Why Buffalo is a natural beachhead for Ontario health startups

Why Buffalo is a natural beachhead for Ontario health startups

As things currently stand in Canada, selling and adoption are large barriers for local startups. It’s no surprise that many new companies often look to our neighbour, the United States, for alternative routes to new markets.

Buffalo, New York, is only a two-hour drive away from Toronto—and, from there, over 50% of the American population is within a 10-hour drive. This geographic area offers a huge opportunity for startups looking to gain access and capital down South. Buffalo appears to be a natural beachhead for startups in and around the Greater Toronto Area to break into the American market. Buffalo’s proximity, in particular, would serve as the perfect receptacle for Toronto health startups—especially to set up a shingle, or at least a post-office box!

On December 16, MaRS and HTX joined forces to organize a day trip with several Ontario ventures to the innovation campus in Buffalo. Over 20 Ontarians—the majority of whom were entrepreneurs—made the trip across the border to gain more information about opportunities in the area.

Like a ‘MaRS for Buffalo,’ the Buffalo Niagara Medical Campus (BNMC) sits right in downtown Buffalo. It is a non-profit organization that umbrellas a physical collective of clinical care, medical education and research institutions. BNMC also houses The Jacobs Institute (the JI), a non-profit that is driving next-generation technologies in vascular medicine and related neurological diseases, and the Design Innovation Garage (DIG), an affordable co-working space that includes access to mentors, networking events and more. DIG also provides the option of setting up a virtual office with access to all of its programming.

We were given an overview of BNMC and the JI and informed of their business development opportunities for startups. We were also given a tour of their facilities and spaces. For many entrepreneurs, Buffalo can serve as potential site to create a presence in the US. For example, we visited fellow Canadian Niall Wallace at his office in the JI. His company, Infonaut, is a successful example of how a Canadian venture (Infonaut is based in Hamilton) can reap the benefits of having a second office in the States.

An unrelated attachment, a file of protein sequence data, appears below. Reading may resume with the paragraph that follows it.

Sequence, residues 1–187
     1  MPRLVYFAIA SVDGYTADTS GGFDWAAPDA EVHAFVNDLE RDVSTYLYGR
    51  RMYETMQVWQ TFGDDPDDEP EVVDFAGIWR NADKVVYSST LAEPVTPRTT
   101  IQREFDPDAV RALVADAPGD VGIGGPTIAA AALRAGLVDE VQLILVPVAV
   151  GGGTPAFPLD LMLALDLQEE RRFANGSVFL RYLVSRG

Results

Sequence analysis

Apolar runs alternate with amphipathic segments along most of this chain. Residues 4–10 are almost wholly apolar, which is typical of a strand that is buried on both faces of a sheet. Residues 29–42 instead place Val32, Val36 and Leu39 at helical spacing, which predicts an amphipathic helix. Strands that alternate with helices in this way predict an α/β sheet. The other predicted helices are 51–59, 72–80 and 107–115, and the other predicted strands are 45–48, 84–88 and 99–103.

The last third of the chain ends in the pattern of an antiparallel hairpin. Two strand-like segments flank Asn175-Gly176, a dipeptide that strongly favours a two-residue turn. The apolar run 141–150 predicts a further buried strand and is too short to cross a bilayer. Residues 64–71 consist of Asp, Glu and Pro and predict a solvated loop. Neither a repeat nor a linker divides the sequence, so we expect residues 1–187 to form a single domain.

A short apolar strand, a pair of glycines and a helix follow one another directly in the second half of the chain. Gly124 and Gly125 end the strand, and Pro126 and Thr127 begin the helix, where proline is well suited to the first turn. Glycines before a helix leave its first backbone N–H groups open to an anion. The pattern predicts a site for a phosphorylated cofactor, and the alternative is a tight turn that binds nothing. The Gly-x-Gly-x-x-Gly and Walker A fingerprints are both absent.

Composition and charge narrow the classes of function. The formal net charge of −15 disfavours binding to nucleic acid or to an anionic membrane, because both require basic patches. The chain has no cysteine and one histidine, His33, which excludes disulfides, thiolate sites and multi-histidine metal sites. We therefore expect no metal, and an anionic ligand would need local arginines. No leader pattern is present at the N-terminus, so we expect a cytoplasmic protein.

In December, MaRS and HTX joined forces to organize a day trip with several Ontario ventures to the innovation campus in Buffalo.

By the end of the day, it was clear that this innovation hub in Buffalo could serve to help Ontario health startups with lab/office space and tax incentives, as well as with making strategic connections with investors, clinical staff and patients to help them break into the American market.

The entire event grew out of an October information presentation at MaRS, where we hosted BNMC and the JI. There was an overwhelming demand from startups to find out more about how to work with the non-profits after the session. In response, the organizations offered the exclusive trip and program for Ontario ventures.

We wrapped up the end of the trip with a mixer where Canadians wore red name tags and Americans wore blue ones. This is where the real magic and connections happened, when startups could tell their stories and explain their needs directly to those who could make things happen for them on the other side of the border.

Find out more about the day’s events and what the attendees had to say about it in an article in The Buffalo News.

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